Institutional Commitment: Does the institution commitment letter provide support in the event of a shortfall of income? Is the institutional commitment to back-up the financial plan provided for a time period consistent with the expected effective lifetime of the requested instruments? Is the management of the awarded S10 instruments adequate (based on the data in the table of Previously Awarded S10 Instruments in the institutional Letter of Support)? Does the Institution provide adequate infrastructure support for the requested instruments including space to house the instrument and site for sample preparation, if needed?

Limitation Details

Applicant organizations may submit more than one application, provided that each application is scientifically distinct.

If you are interested in submitting for this program, you must first submit an internal application to limsub@uga.edu according to the required instructions below.

Internal Applications must include the following:
  • A cover page listing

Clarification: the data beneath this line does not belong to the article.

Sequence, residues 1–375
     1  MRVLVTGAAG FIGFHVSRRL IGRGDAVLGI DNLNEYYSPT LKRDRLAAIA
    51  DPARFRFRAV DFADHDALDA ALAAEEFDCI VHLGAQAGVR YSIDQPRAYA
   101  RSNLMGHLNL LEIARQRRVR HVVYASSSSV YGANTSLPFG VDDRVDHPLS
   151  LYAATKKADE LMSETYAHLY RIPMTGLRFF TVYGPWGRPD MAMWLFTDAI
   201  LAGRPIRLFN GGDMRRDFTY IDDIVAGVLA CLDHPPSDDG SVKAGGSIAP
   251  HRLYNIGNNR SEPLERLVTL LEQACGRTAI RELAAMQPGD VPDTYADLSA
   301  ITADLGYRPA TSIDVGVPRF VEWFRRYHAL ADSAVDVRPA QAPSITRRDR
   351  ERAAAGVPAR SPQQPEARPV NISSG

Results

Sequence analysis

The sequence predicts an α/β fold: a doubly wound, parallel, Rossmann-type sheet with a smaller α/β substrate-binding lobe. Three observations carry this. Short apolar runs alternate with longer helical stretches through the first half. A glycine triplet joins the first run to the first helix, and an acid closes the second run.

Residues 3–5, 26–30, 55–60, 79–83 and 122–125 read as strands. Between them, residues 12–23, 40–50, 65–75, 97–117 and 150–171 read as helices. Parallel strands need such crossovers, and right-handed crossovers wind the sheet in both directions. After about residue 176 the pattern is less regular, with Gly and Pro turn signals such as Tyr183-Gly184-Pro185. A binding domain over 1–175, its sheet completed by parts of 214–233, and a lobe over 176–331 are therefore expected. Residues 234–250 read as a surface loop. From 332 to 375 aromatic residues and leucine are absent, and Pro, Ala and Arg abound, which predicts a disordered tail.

• The name of this funding opportunity and title of your proposal
    • Your name, UGA position, home department, email, and UGA contact information
    • Collaborator names, positions, and institutions (if any)
  • A maximum of three pages describing both need and rationale for the instruments to be purchased or upgraded, including estimated total cost
  • Curriculum vitae
Internal Selection

Limited Submission announcements often generate multiple competing proposals.  UGA reviewers judge proposals as they would in any peer review process, so PIs are urged to put their best foot forward.  Along with typical criteria, reviewers will evaluate internal proposals based on their fit with the sponsor’s articulated goals and criteria.

Internal Submission Instructions

The above internal application materials should be submitted via email as a single .PDF file to limsub@uga.edu by the internal deadline listed above.


Please submit questions regarding the internal competition to limsub@uga.edu.

For questions directly related to this program, please contact program officer, Willie McCullough at 301-435-0772 or SIG@mail.nih.gov.